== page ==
Let me rephrase: If I am still untouched by full-fledged madness by late December, you will get a DD t-shirt. I'm not even joking. Try me.

message 24: by [deleted user] (new)

My soul just vomited... But oddly enough my body was groovin' to the rhythm. I've come down with a terminal case of Dirty Dancitis. Clear the floor, prepare for some spicy moves, and have the paramedics standing by...

message 25: by Jessica (new)


Sarah, can you hear me FREAKING OUT all the way in California?? Also, the loud, off-key singing of "Time of My Life." That's me, too.


message 26: by Sarah (new)

Sarah I think I might have to watch that movie tonight.

message 27: by [deleted user] (new)

I'm glad (seriously) that a Nietzschean discussion of good and evil has devolved in an appreciation of the period-appropriate gyratin' of a Catskills gigolo and his newly empowered, pre-rhinoplasty filly. The world once again makes sense to me.

message 28: by Jessica (new)

Jessica Damien, the Manichean school of film theory holds that the history of that medium can be understood purely through two brief and diametrically opposite celluloid moments: Ingrid Thulin's glass shard moment (pure, irredeemable evil), and Jennifer Grey's triumphant lift (the goodest of goodliest good goodly goodness).

Yep, that's kind of all you need to know!

message 29: by Jessica (new)

Jessica What or who is Nietzche anyway, and does he know how to dirty dance?

message 30: by [deleted user] (new)

Coolness. Now I'll go out into the world and apply this knowledge...

Although it would've been neato to see Patrick Swayze sweep into Ingrid Thulin's boudoir, mid-gouge, and suddenly lift her up and out of her repressive marriage into a world of sweaty, V.D.transmitting dance moves. This would be the so-called "Grey area." Yuk yuk yuk.

But seriously, folks, I'll be appearing at Funny Bone night club with Fred Travalina through August 19th... You've been a great crowd.

message 31: by [deleted user] (last edited Aug 14, 2008 07:46PM) (new)

Nietzsche is one of the judges on American Idol. Not the black one, not the British one... He's the one who sang "Cold-Hearted Snake," I think. In other words, a has-been.

message 32: by Jason (new)

Jason Fred Travalina!! Damn, you are amazing. I am still waiting on that Pink Lady & Jeff reference.

Does Patrick Swayze rip anyone's throat out with his bare hands in Dirty Dancing?

message 33: by [deleted user] (last edited Aug 14, 2008 07:53PM) (new)

Mike, I'm a warehouse of useless information. Meanwhile, I don't know how to make toast or which century World War II was fought in. There's give and there's take.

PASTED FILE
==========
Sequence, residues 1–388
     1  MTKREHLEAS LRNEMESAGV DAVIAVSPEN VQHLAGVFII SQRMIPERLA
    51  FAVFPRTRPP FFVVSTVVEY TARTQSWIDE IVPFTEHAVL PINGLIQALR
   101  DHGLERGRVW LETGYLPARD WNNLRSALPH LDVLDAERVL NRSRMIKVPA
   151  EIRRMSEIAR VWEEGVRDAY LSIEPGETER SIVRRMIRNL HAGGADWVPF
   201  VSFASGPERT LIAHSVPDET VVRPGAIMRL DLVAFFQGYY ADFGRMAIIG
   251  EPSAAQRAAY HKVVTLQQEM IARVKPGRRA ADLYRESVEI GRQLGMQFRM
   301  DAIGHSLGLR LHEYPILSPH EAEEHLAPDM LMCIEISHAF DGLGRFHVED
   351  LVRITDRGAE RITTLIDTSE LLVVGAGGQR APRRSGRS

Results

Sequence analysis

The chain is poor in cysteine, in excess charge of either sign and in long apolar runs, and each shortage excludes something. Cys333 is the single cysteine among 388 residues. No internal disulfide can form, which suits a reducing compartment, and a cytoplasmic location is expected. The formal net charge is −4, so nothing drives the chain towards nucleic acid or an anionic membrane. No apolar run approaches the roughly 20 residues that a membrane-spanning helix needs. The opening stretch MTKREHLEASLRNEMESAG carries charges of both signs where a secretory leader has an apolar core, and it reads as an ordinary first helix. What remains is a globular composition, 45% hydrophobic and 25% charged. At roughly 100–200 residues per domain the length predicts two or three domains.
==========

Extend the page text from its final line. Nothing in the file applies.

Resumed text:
Oh. Dirty Dancing gets really gory towards the end. Jerry Orbach gets mad cow disease and eats everyone's spleen. Fortunately, it's not gratuitous, and it's mitigated by Eric Carmen's "Hungry Eyes" playing in the background.

message 34: by Jessica (new)

Jessica At least Patrick Swayze is not dead. Yet. That's when we'll all be in real trouble....

Jackie "the Librarian" Jeez, you guys must be old, arguing about kids seeing the world in black and white and gray.

My television set shows kids' shows IN COLOR.

message 36: by Cole (last edited Oct 25, 2013 11:19AM) (new)

Cole Some of these comments have probably already been made, but I don't have the time to read all the comments on this page to find out, so I'm just going to point out all the problems with your argument that immediately jumped out at me. One, I agree that violence is usually not the answer, but violence kept Hitler from taking over the world. Two, you have obviously not watched the whole series. If you had, you would have seen that not every character is absolutely good or absolutely evil. Zuko in Book II is the best example of this. You would also know that Aang is like Batman: he absolutely refuses to kill people, even the main bad guy who is actually very similar to Hitler. Three, this "assumption of a nemesis" did not necessarily come from Avatar: The Last Airbender. You have become the victim of a logical fallacy known as "Post hoc ergo propter hoc". That is lawyer/Catholic language for "Event B happened after event A. Therefore, event B happened because of event A." In fact, it probably came from some other cartoon or some other element of pop culture that this child has been exposed to: it sounds more like something from Teenage Mutant Ninja Turtles or Justice League. Four, it shouldn't surprise you that your words carry very little weight with children; your words carry very little weight with adults. Words in general carry very little weight with people in general. Actions are much more substantial. Five, while we're on the topic of shades of grey, I would like to make a comedic jab at the negative effects of having fifty of them. That would be a lot less healthy for children than seeing the world in black and white. That last one, however, was just a joke.

message 37: by Barış (new) - added it

Barış First of all as mentioned above I have neither time to read the points of the older comments nor the will. Possibly they all made their point and possibly some of them already said what I'm about to say from a greater perspective. But I just can't not say something about this.

Seeing just an episode and making a judgement about ATLA by including and comparing to WAY too many genres and shows and movies is mere butchering all of those work of art. In the essence the not-so-visible-greys are all ATLA deals with. It's not about this or that. It's not about be this or you'll have no legitimate reason to be alive kind of thing. Avatar is the person who defines the grey and brings balance to earth for crying out loud. Like I've said before people probably already made their point so I'll stop right here.

Also old school cartoons are what you should be afraid of. They're really messed up with racism, sexism, dark themes of drug abuse and even rape in some cases. I strongly recommend some original Star Trek works for the lack of sanity.